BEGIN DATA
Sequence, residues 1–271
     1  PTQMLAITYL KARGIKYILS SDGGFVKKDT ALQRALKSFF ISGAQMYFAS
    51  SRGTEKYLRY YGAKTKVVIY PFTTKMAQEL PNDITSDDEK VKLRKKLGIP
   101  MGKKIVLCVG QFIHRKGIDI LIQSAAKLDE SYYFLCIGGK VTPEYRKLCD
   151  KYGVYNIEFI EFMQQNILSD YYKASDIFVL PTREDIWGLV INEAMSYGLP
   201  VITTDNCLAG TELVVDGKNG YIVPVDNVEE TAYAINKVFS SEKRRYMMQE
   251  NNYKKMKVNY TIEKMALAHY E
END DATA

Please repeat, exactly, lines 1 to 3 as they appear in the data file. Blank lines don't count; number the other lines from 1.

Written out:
Sequence, residues 1–271
     1  PTQMLAITYL KARGIKYILS SDGGFVKKDT ALQRALKSFF ISGAQMYFAS
    51  SRGTEKYLRY YGAKTKVVIY PFTTKMAQEL PNDITSDDEK VKLRKKLGIP